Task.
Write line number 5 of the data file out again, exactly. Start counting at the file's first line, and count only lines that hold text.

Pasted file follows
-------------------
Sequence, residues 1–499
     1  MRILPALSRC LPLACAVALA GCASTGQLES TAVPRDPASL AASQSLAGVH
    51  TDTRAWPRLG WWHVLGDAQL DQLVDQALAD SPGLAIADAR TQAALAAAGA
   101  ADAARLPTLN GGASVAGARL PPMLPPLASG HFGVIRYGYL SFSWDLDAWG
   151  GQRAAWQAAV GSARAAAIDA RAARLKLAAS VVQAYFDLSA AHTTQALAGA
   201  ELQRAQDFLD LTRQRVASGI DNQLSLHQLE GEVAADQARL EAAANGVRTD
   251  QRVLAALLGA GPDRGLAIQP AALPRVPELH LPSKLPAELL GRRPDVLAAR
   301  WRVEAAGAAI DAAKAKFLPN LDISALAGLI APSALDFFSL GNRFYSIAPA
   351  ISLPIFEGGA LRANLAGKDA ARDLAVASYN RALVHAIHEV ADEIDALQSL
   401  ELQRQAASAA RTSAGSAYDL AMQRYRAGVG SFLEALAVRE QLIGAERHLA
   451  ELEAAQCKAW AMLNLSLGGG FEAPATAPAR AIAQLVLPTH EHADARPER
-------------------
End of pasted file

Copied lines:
   151  GQRAAWQAAV GSARAAAIDA RAARLKLAAS VVQAYFDLSA AHTTQALAGA